It would be fair to say that Roger Lytollis is not your typical journalist.
He came into the industry almost by accident, never completed an NCTJ course, became a feature writer without having undergone the traditional grounding in news reporting, and spent all but a few short months of his career in a single newsroom.
On top of that, he confesses to being painfully shy and, perhaps most antithetically of all for a journalist, to not actually enjoying speaking to people.
But Roger Lytollis can write. As was not only proved over the course of a 24-year career in the regional press in which he won several awards, but also in this sparkling memoir of his time in the industry.
Apart from a brief interlude at the Edinburgh Evening News, Roger was employed for all of that time at the Carlisle News & Star and Cumberland News before being made redundant along with the rest of the features team at the end of 2019.
A three-times winner at the nationwide Regional Press Awards, he had less luck with awards schemes in his home region, being nominated no fewer than 11 times in the North West Media Awards before finally ending his losing streak in 2018.
The fact that Roger was able to make a joke of all this is typical of the self-deprecatory tone that runs through the book, and which sets it apart from the self-aggrandising tomes that more nationally renowned journalists regularly produce.
Little gems about the nature of life in a regional newsroom shine off nearly every page and, in the interests of letting Roger’s words speak for themselves, here are just a few of my own personal favourites.
- “I was convinced that hardly anyone read leaders. Occasionally I’d write one in the News & Star about a story that was then pulled from the paper. Due to the kind of cock-up that makes the newspaper industry such a stimulating place, the leader sometimes remained. I never heard of anyone asking why we’d published 300 words about a non-existent story.”
- “For a few years, rogering was part of sitcom and panel show vocabulary. I winced every time I heard it. Some people laughed when I said my name…..During a summer job in a factory, I told everyone my name was Paul.”
- “Belinda [Carlisle] was performing at Whitehaven. I thought she’d want to reminisce about her gig a few years earlier in the city that shares her surname. Instead she said, ‘I don’t remember it.’ I scratched a line through a long list of questions I’d written under the heading ‘How excited were you about performing in Carlisle?’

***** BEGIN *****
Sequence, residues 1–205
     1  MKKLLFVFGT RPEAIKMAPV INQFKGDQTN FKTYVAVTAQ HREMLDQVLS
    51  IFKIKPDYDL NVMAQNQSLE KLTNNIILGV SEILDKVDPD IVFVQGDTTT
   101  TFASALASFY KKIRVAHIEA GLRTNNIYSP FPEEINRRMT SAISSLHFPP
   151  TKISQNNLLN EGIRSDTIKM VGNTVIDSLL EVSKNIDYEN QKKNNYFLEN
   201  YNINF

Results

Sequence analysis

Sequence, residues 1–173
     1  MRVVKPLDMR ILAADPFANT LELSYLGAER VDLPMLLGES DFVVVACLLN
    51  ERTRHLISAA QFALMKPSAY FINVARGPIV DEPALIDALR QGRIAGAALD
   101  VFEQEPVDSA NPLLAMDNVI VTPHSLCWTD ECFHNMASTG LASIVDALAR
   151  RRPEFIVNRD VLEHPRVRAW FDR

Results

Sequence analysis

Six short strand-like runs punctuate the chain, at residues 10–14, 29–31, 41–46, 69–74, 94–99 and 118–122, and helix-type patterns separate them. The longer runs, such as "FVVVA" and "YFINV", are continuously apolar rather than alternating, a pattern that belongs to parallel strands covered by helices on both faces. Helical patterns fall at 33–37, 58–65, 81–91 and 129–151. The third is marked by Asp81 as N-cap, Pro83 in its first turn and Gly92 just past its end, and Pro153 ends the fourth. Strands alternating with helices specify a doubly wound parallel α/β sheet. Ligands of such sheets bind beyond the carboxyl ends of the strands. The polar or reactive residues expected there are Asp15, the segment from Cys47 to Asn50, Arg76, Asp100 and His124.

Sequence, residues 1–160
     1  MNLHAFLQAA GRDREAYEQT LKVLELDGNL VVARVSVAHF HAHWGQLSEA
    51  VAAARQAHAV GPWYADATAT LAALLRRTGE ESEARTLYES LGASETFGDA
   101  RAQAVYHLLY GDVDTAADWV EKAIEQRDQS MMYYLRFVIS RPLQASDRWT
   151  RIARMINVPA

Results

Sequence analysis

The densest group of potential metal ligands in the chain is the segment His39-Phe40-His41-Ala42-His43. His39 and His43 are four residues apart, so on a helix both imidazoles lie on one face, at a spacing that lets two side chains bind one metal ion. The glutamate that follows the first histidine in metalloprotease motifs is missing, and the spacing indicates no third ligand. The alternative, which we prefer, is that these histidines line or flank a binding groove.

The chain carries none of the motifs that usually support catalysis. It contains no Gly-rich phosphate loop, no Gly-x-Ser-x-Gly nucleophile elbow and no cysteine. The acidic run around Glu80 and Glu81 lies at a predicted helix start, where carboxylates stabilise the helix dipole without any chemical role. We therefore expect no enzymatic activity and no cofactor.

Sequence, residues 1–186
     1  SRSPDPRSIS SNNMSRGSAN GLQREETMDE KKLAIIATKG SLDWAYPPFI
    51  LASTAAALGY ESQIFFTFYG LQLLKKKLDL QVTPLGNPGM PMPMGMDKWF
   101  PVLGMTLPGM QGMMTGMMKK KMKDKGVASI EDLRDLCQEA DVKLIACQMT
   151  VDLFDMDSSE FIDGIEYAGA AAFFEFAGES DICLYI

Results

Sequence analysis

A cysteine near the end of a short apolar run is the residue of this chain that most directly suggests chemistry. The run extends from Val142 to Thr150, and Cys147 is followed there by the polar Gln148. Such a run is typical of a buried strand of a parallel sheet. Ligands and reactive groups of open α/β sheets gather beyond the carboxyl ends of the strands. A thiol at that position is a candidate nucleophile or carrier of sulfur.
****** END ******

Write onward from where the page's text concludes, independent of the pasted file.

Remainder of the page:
- “We’d been on the M6 for an hour when the urge for a pee became desperate……Suddenly inspiration struck. It’s impossible to urinate with an erection. All I had to do was bring myself to attention and the problem would be solved.”
- “One reporter taped a plastic bag filled with manure to the underside of a colleague’s desk. She cut a hole in the bag and kept increasing its size until her target spent his days opening windows and spluttering, ‘What’s that fucking smell?'”
- “The best antidote for any journalist who feels that their job is glamorous, or that they are any kind of celebrity, is a vox pop.”
Of course, the book is not all a barrel of laughs. Roger charts the last days of the old CN Group under the late Robin Burgess, the abrupt departure of Dave Helliwell as News & Star editor in 2017, the subsequent takeover by Newsquest, and the journalists’ strike in 2018 following another jobs cull.
It’s a story that has been told before – not least on this website – but few could have written about it as eloquently and humourously as Roger has done.
And he is smilarly open about the depression that has plagued him for much of his career and ruined his one attempt to discover what journalistic life was like beyond Cumbria during a five-month stint on the Evening News.
Roger was clearly full of regrets over this episode and later made an unsuccessful attempt to return to the Edinburgh title, noting wistfully: “Second time around I would definitely have made it work.”
Many books written by journalists have come across my desk over the course of my time as publisher of HTFP, but I would say without any hesitation that this one is the best.
Not only is it the funniest, and the best-written, it is also the most honest in terms of what it reveals about its author, and more importantly about our craft.
* Panic as Man Burns Crumpets is published by Little Brown, priced £16.99.